The Movie Snob has been slacking off at the movies–so here’s a book review:
Station Eleven, by Emily St. John Mandel (2014). This “National Bestseller,” as the front cover proclaims, is well deserving of its fame. There’s a global pandemic of deadly flu that kills over 99% of humanity, destroying civilization as we know it. Nevertheless, twenty years later, the survivors persevere. Some of them have formed a wandering troupe known as the Traveling Symphony, and they journey from settlement to settlement, performing Shakespeare and classical music. The novel flips back and forth from the time of the pandemic and its immediate aftermath to events years later, but it’s not too hard to follow. It’s exceptionally well written, and the characters come to vivid life. In short, I thought this was a great read. Even if you’re not a fan of science fiction or dystopian fiction, I think you ought to give it a try.
A TV review from The Movie Snob — a guy who watches very little TV.
The Last Man on Earth: Season One (B). The premise of this sit-com intrigued me: Take a standard last-man-on-earth scenario, but play it for laughs. Will Forte (Nebraska) stars as Phil Miller, a very ordinary guy from Tucson who just happens to be the only survivor of a virus that seemingly wiped out everybody else on the planet. Including all the animals. The first season is only 13 episodes, but they are so packed with twists and surprises that I really can’t say anything else about the show without committing spoilers, so I’ll just say that I thought it was creative and occasionally pretty funny. The extras on the DVD set are nothing to write home about—some deleted scenes that aren’t particularly funny, a couple of episode commentaries that don’t add much to the experience, a couple of other short items about the creation and making of the show. Just watch the show itself and see if it’s your cup of tea.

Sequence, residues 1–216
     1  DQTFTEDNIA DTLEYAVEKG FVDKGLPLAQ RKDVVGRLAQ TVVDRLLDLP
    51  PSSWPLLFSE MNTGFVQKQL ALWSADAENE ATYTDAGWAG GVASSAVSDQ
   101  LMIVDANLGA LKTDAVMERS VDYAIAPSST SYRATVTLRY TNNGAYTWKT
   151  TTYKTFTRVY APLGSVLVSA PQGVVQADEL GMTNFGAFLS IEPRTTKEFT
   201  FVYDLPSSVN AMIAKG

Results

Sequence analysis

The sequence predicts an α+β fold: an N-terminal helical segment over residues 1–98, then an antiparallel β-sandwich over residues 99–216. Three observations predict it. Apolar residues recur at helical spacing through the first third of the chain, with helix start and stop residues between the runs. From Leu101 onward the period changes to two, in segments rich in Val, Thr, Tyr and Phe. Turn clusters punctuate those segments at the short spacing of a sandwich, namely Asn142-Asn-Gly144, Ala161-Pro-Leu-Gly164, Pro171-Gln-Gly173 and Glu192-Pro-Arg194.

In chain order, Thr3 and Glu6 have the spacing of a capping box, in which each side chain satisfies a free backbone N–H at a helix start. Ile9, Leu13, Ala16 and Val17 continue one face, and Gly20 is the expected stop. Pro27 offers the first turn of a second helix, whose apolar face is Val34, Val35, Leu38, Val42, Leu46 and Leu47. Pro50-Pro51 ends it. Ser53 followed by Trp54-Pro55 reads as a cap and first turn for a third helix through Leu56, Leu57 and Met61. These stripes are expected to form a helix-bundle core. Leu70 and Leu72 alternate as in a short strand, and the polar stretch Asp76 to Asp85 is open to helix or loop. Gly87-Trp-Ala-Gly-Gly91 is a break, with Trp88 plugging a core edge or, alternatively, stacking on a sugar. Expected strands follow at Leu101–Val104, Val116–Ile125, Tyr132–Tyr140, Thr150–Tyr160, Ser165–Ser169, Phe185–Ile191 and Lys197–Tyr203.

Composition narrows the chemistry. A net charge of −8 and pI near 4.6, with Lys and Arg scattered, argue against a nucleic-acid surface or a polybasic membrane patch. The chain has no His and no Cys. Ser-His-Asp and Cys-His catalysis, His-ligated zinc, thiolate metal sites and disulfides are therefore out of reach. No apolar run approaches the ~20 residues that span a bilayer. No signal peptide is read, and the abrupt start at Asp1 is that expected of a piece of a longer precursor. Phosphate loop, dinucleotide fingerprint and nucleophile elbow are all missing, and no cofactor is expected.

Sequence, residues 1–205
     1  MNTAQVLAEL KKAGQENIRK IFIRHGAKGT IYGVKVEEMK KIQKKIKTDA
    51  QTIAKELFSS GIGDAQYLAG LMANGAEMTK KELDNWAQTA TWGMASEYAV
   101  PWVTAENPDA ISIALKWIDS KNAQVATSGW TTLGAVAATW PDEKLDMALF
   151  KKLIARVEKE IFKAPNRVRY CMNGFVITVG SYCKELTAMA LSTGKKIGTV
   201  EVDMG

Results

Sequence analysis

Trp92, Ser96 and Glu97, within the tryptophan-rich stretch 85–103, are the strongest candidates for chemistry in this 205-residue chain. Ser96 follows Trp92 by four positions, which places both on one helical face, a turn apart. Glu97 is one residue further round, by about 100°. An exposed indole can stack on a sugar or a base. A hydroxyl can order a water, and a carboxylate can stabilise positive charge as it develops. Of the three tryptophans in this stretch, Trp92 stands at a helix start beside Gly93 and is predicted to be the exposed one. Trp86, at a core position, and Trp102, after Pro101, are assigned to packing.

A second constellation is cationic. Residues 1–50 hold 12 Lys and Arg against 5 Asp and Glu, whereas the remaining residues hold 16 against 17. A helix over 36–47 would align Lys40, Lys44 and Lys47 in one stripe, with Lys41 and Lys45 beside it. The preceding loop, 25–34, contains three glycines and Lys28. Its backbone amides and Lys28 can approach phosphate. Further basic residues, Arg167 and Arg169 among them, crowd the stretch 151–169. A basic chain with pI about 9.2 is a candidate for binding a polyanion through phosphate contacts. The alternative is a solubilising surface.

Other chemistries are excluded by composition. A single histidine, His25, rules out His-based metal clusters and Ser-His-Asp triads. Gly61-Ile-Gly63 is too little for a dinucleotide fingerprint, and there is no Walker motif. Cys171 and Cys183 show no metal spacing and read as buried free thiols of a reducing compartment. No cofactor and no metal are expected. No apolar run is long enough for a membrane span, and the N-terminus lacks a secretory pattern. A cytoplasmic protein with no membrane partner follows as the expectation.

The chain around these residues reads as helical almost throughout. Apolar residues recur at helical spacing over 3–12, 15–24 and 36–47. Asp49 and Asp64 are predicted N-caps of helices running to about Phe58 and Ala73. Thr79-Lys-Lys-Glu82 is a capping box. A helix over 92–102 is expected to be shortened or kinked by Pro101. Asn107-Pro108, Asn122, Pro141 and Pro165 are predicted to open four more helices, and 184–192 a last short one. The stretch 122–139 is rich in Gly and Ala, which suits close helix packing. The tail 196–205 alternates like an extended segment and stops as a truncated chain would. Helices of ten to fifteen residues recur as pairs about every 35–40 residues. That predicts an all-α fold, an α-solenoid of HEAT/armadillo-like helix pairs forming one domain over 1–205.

A new review from The Movie Snob.
Z for Zachariah (C+). Many years ago, a college buddy and I were desperate for a movie rental, and we settled on an obscure sci-fi movie out of New Zealand called The Quiet Earth. It turned out to be a terrible movie about some sort of global catastrophe that caused the disappearance of almost every single human being. But—in New Zealand at least—two men and one woman were left alive, and eventually they all found each other and had to deal with their odd situation. The movie was, as previously mentioned, terrible.
Now along comes Z for Zachariah, a movie with a very similar premise but starring some bona fide movie stars—Margot Robbie (The Wolf of Wall Street), Chiwetel Ejiofor (12 Years a Slave), and Chris Pine (Into the Woods). When the movie begins, a young woman named Ann (Robbie) is living alone on a farm in a remote valley that has somehow been spared a nuclear catastrophe that seems to have ended all other human life. But one day she encounters another survivor, John (Ejiofor), and at first they have to work at getting comfortable around each other. And then their careful equilibrium is destroyed by one more arrival, a handsome scamp named Caleb (Pine). That’s all I can say about the plot without committing any spoilers. (As another reviewer has said, Pine’s picture is on the movie poster, so describing his character isn’t a spoiler.) Anyway, I thought the movie was okay—certainly better than The Quiet Earth—but still nothing to get too excited about.
The Movie Snob checks out a new sci-fi flick.